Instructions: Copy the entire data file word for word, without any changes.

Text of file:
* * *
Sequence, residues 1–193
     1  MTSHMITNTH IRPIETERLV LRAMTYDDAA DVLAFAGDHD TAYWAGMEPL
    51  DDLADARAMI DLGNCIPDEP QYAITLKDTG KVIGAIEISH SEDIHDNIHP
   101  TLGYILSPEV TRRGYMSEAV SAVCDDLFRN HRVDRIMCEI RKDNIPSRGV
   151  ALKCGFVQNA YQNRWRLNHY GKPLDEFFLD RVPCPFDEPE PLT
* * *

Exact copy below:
Sequence, residues 1–193
     1  MTSHMITNTH IRPIETERLV LRAMTYDDAA DVLAFAGDHD TAYWAGMEPL
    51  DDLADARAMI DLGNCIPDEP QYAITLKDTG KVIGAIEISH SEDIHDNIHP
   101  TLGYILSPEV TRRGYMSEAV SAVCDDLFRN HRVDRIMCEI RKDNIPSRGV
   151  ALKCGFVQNA YQNRWRLNHY GKPLDEFFLD RVPCPFDEPE PLT